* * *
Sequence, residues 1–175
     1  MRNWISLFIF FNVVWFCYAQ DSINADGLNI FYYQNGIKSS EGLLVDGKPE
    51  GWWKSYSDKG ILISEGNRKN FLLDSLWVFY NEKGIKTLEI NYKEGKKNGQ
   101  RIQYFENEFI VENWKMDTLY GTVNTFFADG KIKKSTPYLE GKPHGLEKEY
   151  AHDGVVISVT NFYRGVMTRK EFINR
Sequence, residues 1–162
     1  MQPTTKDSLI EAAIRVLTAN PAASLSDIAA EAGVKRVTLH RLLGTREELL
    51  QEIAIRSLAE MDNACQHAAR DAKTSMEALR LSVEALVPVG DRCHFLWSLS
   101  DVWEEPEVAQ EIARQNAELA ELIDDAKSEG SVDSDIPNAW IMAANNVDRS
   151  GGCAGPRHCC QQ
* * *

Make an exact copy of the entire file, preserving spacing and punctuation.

Sequence, residues 1–175
     1  MRNWISLFIF FNVVWFCYAQ DSINADGLNI FYYQNGIKSS EGLLVDGKPE
    51  GWWKSYSDKG ILISEGNRKN FLLDSLWVFY NEKGIKTLEI NYKEGKKNGQ
   101  RIQYFENEFI VENWKMDTLY GTVNTFFADG KIKKSTPYLE GKPHGLEKEY
   151  AHDGVVISVT NFYRGVMTRK EFINR
Sequence, residues 1–162
     1  MQPTTKDSLI EAAIRVLTAN PAASLSDIAA EAGVKRVTLH RLLGTREELL
    51  QEIAIRSLAE MDNACQHAAR DAKTSMEALR LSVEALVPVG DRCHFLWSLS
   101  DVWEEPEVAQ EIARQNAELA ELIDDAKSEG SVDSDIPNAW IMAANNVDRS
   151  GGCAGPRHCC QQ